Uber Drivers Are Workers Not Self Employed, Says UK’s Supreme Court

The UK’s Supreme Court has ruled that the ride-hailing app firm Uber must classify its drivers as workers rather than self-employed.

Delivering his judgment, Lord Leggatt said that the Supreme Court unanimously dismissed Uber’s appeal that it was an intermediary party and stated that drivers should be considered to be working not only when driving a passenger, but whenever logged in to the app.

By this pronouncement and ruling by the Supreme Court, the ride-hailing app firm, Uber must classify its drivers as workers rather than self-employed, BBC reports.

The former president of the App Drivers & Couriers Union (ADCU) Uber drivers, James Farrar and Yaseen Aslam, who originally won an employment tribunal against the ride-hailing giant in October 2016, told the BBC they were “thrilled and relieved” by the ruling.

Aslam said, “I think it’s a massive achievement in a way that we were able to stand up against a giant. We didn’t give up and we were consistent – no matter what we went through emotionally or physically or financially, we stood our ground.

“This is a win-win-win for drivers, passengers and cities. It means Uber now has the correct economic incentives not to oversupply the market with too many vehicles and too many drivers”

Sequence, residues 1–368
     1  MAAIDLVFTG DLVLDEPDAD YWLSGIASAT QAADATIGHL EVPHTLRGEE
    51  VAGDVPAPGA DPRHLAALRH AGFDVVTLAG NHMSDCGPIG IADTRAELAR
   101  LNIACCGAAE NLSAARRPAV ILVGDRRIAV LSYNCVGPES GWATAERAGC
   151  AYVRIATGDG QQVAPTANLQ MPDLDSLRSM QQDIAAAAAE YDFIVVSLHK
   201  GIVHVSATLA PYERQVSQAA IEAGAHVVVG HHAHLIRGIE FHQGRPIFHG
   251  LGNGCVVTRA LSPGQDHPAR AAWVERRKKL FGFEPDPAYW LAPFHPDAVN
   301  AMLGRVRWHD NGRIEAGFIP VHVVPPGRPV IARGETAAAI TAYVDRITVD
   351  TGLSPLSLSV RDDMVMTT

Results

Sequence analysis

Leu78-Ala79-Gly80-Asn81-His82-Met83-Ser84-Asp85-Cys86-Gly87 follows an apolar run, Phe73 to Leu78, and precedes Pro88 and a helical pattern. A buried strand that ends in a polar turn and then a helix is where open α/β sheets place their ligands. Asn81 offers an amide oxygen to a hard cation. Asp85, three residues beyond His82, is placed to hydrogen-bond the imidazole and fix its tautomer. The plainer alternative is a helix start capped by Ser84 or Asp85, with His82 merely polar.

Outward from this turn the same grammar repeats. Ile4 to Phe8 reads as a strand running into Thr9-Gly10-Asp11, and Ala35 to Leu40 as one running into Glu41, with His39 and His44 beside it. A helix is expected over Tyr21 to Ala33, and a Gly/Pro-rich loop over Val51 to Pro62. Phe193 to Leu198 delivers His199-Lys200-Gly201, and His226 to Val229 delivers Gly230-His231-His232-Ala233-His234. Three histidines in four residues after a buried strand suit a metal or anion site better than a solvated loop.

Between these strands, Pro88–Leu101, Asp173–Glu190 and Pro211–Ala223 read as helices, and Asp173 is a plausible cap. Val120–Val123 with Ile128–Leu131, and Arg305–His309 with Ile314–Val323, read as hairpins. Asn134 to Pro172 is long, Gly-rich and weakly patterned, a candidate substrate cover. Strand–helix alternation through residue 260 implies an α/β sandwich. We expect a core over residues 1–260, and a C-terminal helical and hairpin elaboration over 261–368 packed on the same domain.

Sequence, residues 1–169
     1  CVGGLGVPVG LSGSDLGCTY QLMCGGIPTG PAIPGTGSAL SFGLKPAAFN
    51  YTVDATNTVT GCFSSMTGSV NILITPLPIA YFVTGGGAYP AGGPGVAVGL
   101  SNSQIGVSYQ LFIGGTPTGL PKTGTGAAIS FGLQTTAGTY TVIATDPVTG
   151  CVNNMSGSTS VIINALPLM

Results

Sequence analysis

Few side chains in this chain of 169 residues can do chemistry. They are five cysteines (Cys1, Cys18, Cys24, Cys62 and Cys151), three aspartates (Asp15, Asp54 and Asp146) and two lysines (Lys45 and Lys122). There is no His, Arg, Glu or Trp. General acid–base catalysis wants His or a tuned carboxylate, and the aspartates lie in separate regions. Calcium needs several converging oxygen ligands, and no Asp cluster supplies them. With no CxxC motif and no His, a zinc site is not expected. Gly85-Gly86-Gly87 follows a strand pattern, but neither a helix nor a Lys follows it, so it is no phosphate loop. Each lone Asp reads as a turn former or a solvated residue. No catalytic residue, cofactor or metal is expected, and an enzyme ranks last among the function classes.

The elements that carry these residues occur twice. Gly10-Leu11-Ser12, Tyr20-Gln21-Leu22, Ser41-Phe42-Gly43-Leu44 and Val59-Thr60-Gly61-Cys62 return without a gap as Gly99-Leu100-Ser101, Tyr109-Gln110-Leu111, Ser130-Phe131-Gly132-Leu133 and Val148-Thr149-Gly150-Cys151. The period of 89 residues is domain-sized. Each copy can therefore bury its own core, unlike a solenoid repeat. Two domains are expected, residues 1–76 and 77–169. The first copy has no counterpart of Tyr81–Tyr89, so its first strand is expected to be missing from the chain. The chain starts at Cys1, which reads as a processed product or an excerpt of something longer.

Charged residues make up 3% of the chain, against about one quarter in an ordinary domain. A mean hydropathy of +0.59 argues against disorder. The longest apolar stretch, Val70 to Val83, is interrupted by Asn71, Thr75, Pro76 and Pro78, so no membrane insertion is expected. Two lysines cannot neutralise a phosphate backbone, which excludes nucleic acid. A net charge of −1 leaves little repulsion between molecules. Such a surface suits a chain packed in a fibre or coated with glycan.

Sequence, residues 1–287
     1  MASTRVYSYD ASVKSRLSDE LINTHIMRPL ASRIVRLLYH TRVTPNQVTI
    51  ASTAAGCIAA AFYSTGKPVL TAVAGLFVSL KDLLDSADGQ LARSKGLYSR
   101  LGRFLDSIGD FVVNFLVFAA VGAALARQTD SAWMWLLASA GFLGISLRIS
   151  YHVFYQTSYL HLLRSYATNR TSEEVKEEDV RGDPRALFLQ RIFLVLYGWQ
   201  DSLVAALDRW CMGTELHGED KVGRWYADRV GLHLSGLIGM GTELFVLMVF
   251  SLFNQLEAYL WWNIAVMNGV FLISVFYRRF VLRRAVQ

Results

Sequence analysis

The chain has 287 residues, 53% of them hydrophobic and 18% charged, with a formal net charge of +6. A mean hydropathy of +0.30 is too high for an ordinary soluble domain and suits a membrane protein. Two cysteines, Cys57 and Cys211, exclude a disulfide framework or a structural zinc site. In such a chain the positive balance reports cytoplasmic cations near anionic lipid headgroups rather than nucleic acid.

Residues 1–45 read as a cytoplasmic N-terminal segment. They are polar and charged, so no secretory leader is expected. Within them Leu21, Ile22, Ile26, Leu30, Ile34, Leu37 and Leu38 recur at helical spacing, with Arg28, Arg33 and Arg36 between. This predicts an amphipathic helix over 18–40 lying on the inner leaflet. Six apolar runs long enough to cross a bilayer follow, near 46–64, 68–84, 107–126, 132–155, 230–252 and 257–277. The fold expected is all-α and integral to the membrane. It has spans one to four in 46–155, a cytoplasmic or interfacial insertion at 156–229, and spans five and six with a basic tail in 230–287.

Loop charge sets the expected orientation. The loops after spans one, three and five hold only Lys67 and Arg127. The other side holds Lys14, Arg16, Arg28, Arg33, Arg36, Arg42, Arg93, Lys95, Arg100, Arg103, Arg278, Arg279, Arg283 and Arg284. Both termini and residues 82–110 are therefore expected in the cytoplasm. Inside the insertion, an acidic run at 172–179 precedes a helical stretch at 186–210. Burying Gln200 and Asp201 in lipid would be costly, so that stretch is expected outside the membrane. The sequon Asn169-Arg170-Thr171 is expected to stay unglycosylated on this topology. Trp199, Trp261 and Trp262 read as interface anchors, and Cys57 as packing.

Aslam claims that Uber’s practices forced him to leave the trade as he couldn’t make ends meet is reconsidering his decision as he returns to driving for the app again, though the process is taking too long.

“It took us six years to establish what we should have got in 2015. Someone somewhere, in the government or the regulator, massively let down these workers, many of whom are in a precarious position”

Farrar, on his own part, highlighted that with fares down 80% due to the pandemic, many drivers have been struggling financially and feel trapped in Uber’s system.

“We’re seeing many of our members earning £30 gross a day right now. The self-employment grants issued by the government only cover 80% of a driver’s profits, which isn’t even enough to pay for their costs.

“If we had these rights today, those drivers could at least earn a minimum wage to live on.”

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